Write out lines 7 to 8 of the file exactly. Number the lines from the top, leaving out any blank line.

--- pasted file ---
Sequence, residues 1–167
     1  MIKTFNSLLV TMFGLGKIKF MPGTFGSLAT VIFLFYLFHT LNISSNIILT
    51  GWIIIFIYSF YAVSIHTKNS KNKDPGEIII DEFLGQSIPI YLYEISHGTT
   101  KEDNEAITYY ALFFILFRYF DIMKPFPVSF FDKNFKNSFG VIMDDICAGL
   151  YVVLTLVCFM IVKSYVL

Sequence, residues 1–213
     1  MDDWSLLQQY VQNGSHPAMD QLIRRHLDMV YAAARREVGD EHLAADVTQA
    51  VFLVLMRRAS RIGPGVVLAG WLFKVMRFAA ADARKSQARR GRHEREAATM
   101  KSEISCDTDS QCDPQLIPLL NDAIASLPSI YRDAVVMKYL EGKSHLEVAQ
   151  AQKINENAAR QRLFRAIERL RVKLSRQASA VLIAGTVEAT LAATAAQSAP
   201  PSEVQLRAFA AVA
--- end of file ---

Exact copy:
     1  MDDWSLLQQY VQNGSHPAMD QLIRRHLDMV YAAARREVGD EHLAADVTQA
    51  VFLVLMRRAS RIGPGVVLAG WLFKVMRFAA ADARKSQARR GRHEREAATM